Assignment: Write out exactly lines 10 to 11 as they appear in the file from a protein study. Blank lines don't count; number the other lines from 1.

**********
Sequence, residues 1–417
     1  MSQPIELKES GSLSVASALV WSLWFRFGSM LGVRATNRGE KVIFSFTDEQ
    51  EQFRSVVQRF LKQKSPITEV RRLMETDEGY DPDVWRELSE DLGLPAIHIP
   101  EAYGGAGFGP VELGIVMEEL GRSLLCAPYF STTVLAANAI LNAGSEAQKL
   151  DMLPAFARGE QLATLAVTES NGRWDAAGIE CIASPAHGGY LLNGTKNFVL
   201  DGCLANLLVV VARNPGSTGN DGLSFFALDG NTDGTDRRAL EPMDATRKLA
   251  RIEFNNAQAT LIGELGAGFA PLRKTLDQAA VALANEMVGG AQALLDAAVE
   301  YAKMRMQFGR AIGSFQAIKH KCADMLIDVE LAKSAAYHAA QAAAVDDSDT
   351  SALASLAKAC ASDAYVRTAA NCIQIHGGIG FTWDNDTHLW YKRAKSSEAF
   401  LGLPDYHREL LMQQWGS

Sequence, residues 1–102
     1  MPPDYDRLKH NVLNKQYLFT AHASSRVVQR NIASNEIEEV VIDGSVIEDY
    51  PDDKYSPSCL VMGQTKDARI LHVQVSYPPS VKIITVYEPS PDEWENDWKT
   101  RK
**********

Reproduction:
   401  LGLPDYHREL LMQQWGS

Sequence, residues 1–102